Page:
The Springfield Chamber of Commerce hosted a panel with staffing experts discussing hidden workers. Pictured, from left, Springfield Director of Workforce Development Sally Payne, Penmac Staffing Regional Vice President Nancy Riggs, Missouri State University professor James Kaatz and Mother's Brewing Company founder and owner Jeff Schrag. (Photo by Rance Burger)

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As small business owners in Springfield battle uphill to find a sense of normalcy with COVID-19 still lingering, many are hiring. Many more would like to hire, but are struggling to bring in the right person or persons.

At the end of April 2022, the U.S. Bureau of Labor Statistics estimated Springfield’s civilian labor force at about 240,000 people. The figure represents people who are not employed by the U.S. military or the federal government, are not institutionalized and are not farm workers. This total for Springfield has been shrinking since it reached a high of 243,400 people in February 2020, before the pandemic.

While the civilian labor force is smaller, Springfield Director of Workforce Development Sally Payne notes the unemployment rate for Greene County for April 2022 was 1.9 percent. The Missouri Department of Labor and Industrial Relations reports 399 new unemployment claims by Greene County residents in the month of April.

“In Greene County, our unemployment rate is shockingly low,” Payne said. “The labor force participation rate, honestly, is sitting at about 62 percent. Strangely, that hasn’t changed over the past several years.”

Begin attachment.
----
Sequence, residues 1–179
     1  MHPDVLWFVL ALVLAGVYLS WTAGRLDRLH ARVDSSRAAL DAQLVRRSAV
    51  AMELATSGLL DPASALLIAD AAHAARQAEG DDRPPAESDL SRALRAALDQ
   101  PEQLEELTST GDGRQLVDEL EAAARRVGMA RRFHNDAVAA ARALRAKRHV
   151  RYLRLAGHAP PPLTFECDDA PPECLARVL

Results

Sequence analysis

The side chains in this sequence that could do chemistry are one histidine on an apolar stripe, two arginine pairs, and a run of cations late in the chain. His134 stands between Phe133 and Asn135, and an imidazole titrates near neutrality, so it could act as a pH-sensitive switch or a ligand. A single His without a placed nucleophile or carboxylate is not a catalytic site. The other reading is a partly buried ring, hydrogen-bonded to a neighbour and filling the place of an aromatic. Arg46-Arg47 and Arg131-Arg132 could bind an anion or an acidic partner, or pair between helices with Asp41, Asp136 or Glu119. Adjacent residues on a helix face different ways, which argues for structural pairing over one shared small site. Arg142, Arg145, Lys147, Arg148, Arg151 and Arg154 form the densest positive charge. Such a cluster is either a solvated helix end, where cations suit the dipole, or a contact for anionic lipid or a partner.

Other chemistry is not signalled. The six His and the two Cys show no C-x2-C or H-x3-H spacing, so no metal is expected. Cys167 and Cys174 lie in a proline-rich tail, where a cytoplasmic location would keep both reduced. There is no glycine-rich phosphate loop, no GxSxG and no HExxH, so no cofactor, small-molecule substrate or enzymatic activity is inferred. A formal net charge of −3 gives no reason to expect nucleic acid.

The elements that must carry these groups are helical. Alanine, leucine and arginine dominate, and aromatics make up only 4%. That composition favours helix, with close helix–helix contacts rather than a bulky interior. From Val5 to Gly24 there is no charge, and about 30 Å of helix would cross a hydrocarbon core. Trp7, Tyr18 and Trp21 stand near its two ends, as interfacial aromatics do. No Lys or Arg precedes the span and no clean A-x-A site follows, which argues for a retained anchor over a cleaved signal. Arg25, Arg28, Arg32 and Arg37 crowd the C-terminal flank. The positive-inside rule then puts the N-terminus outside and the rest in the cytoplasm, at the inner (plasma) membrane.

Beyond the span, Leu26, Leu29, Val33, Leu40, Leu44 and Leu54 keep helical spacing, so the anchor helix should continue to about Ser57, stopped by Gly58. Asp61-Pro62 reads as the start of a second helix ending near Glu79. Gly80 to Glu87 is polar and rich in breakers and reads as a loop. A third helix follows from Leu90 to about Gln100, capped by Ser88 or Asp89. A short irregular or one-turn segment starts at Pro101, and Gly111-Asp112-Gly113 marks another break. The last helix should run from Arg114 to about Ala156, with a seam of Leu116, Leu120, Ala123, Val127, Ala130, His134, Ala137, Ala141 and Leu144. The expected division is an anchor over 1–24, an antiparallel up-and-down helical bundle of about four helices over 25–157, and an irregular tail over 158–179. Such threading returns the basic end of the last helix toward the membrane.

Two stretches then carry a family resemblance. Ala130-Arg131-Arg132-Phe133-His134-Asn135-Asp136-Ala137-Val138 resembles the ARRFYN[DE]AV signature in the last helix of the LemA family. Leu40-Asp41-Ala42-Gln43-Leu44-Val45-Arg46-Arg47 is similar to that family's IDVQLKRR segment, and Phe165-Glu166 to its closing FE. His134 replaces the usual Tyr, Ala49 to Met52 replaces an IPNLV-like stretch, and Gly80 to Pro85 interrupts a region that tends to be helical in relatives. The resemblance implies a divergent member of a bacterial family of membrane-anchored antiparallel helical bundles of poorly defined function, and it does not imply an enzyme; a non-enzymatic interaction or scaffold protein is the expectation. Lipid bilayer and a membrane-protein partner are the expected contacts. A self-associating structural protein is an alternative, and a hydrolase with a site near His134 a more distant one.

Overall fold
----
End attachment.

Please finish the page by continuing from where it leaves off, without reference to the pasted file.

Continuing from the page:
While the phrase “people don’t want to work” gets posted repeatedly on social media feeds, work ethic or discouragement is not the only factor affecting Springfield’s workforce participation rate.

“There are so many factors that are coming into and affecting the labor shortage,” Payne said. “We had boomers retiring at a very rapid rate, we have a population decline, we have the gig economy, we have a lack of child care and transportation, early retirements — I mean, there are so many factors.”

A statistically significant number of potential workers are not engaged in the workforce. “Hidden worker” means a person experiencing distress and discouragement with the process of seeking work. Their regular efforts to find work they are suited for have failed.

Why care?

Employment rates, unemployment rates and job vacancies are among the economic figures often discussed daily in high-pressure board rooms and low-pressure kitchen tables. A presentation given to key Springfield business leaders shed a different light on the labor market, and it may make you rethink everything you thought you knew about the hiring process in 2022.

Payne led a panel discussion with three other staffing experts June 15 at the Springfield Chamber of Commerce, as part of the “60 Minutes to Success” series of discussions geared toward small businesses. The panelists shared advice on advertising jobs, interviewing candidates, setting expectations for workers and on drawing compromises.

Rethink job descriptions

Nancy Riggs is the regional vice president of Penmac Staffing Services, Inc. As one of Springfield’s two main staffing agencies, Penmac is a leader in helping companies find truck drivers, manufacturing workers, office workers and substitute teachers.